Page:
Preference-based escalation: A new interpretation for the responsibility effect in escalating commitment and entrapment
A prominent finding in escalating commitment and entrapment research is the "responsibility effect": people invest more in a losing course of action or persist with it for longer if they themselves initiated this action (responsibility) as opposed to if it was assigned to them. We argue that this effect is driven by participants' preferences. Responsible participants usually prefer the chosen alternative since they have chosen it themselves. Non-responsible participants, in contrast, represent a mix of persons who either favor or disfavor the chosen alternative. In two experiments, we demonstrate that responsible participants favor the chosen course of action more strongly than non-responsible participants do, that these preferences facilitate reinvestment in and persistence with the chosen course of action, and that responsibility has no effect over and above this effect of preferences. Non-responsible participants preferring the chosen course of action made similar reinvestments and exhibited similar persistence as responsible participants.
If you experience problems downloading a file, check if you have the proper application to view it first. In case of further problems read the IDEAS help page. Note that these files are not on the IDEAS site. Please be patient as the files may be large.
As the access to this document is restricted, you may want to look for a different version under "Related research" (further below) or search for a different version of it.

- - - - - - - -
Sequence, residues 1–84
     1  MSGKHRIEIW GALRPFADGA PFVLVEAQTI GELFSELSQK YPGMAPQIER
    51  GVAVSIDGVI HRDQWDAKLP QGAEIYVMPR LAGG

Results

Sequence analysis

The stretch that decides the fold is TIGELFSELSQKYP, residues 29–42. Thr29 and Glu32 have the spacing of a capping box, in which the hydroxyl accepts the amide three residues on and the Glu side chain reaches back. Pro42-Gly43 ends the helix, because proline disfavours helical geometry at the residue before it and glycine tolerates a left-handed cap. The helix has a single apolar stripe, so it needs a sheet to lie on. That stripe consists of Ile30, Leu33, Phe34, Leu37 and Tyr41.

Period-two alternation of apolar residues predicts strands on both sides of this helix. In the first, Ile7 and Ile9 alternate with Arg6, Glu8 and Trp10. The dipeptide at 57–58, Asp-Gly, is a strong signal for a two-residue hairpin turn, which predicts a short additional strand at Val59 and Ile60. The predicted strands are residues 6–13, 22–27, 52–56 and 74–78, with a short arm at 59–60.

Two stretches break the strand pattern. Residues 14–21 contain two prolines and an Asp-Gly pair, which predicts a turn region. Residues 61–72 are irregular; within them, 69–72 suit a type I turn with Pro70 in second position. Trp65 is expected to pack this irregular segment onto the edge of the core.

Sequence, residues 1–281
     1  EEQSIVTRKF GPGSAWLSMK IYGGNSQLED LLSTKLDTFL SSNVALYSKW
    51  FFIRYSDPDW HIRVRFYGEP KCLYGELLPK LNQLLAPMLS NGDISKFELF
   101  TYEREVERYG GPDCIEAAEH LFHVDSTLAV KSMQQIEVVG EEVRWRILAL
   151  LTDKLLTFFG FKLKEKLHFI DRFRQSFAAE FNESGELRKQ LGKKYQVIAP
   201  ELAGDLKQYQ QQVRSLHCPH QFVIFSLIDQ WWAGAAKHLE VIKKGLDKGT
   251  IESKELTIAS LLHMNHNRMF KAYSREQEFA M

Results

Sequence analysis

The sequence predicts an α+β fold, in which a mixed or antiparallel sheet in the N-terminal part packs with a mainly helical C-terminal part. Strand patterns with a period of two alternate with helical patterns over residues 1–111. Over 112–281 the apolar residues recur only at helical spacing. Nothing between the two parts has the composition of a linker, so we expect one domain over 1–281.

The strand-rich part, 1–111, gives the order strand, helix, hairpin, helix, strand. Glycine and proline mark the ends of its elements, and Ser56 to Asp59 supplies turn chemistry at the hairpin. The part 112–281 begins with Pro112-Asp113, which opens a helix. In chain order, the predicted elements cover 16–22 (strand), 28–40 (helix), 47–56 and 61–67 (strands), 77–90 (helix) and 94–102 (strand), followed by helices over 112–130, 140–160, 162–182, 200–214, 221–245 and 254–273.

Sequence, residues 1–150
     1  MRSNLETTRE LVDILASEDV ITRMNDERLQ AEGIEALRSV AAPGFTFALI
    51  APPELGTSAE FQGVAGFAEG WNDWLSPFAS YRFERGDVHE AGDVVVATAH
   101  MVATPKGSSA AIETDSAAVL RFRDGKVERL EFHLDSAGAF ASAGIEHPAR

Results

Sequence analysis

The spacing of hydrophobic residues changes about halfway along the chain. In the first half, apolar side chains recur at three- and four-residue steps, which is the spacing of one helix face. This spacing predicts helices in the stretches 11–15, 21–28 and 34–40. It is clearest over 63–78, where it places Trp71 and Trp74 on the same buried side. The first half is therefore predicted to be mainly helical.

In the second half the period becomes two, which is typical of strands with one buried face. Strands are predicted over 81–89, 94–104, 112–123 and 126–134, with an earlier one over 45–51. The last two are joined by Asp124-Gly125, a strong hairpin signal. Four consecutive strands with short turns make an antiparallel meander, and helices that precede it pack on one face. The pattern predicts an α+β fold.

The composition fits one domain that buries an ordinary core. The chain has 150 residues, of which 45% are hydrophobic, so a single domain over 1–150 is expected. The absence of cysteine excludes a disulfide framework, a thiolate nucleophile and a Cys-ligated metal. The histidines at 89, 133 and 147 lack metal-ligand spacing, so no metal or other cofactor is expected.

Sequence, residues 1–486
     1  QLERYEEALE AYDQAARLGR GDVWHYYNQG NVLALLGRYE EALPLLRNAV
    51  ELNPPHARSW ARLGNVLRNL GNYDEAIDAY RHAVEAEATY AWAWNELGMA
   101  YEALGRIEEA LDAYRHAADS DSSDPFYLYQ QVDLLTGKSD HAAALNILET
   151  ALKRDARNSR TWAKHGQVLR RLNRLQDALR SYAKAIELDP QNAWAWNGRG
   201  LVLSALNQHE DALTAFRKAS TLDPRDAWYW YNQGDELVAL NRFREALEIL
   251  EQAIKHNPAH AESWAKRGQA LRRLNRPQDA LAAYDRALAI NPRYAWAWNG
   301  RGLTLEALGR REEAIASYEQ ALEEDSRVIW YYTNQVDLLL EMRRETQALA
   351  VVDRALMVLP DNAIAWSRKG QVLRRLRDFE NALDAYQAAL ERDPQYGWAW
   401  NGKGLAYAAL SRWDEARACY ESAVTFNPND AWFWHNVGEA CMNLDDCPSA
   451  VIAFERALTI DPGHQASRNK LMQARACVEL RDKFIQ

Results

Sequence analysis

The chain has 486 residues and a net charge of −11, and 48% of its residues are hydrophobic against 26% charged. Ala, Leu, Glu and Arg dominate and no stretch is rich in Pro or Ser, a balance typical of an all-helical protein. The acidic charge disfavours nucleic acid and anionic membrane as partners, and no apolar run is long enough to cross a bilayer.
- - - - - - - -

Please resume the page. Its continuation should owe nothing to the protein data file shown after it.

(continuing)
Volume (Year): 108 (2009)
Issue (Month): 2 (March)
|Contact details of provider:|| Web page: http://www.elsevier.com/locate/obhdp|
References listed on IDEAS
Please report citation or reference errors to , or , if you are the registered author of the cited work, log in to your RePEc Author Service profile, click on "citations" and make appropriate adjustments.:
- Davis, Mark A. & Bobko, Philip, 1986. "Contextual effects on escalation processes in public sector decision making," Organizational Behavior and Human Decision Processes, Elsevier, vol. 37(1), pages 121-138, February.
- Axel K-D. Schulz & Mandy M. Cheng, 2002. "Persistence in capital budgeting reinvestment decisions - personal responsibility antecedent and information asymmetry moderator: A note," Accounting and Finance, Accounting and Finance Association of Australia and New Zealand, vol. 42(1), pages 73-86.
- Betsch, Tilmann & Haberstroh, Susanne & Glockner, Andreas & Haar, Thomas & Fiedler, Klaus, 2001. "The Effects of Routine Strength on Adaptation and Information Search in Recurrent Decision Making," Organizational Behavior and Human Decision Processes, Elsevier, vol. 84(1), pages 23-53, January.
When requesting a correction, please mention this item's handle: RePEc:eee:jobhdp:v:108:y:2009:i:2:p:175-186. See general information about how to correct material in RePEc.
For technical questions regarding this item, or to correct its authors, title, abstract, bibliographic or download information, contact: (Shamier, Wendy)
If you have authored this item and are not yet registered with RePEc, we encourage you to do it here. This allows to link your profile to this item. It also allows you to accept potential citations to this item that we are uncertain about.
If references are entirely missing, you can add them using this form.
If the full references list an item that is present in RePEc, but the system did not link to it, you can help with this form.
If you know of missing items citing this one, you can help us creating those links by adding the relevant references in the same way as above, for each refering item. If you are a registered author of this item, you may also want to check the "citations" tab in your profile, as there may be some citations waiting for confirmation.
Please note that corrections may take a couple of weeks to filter through the various RePEc services.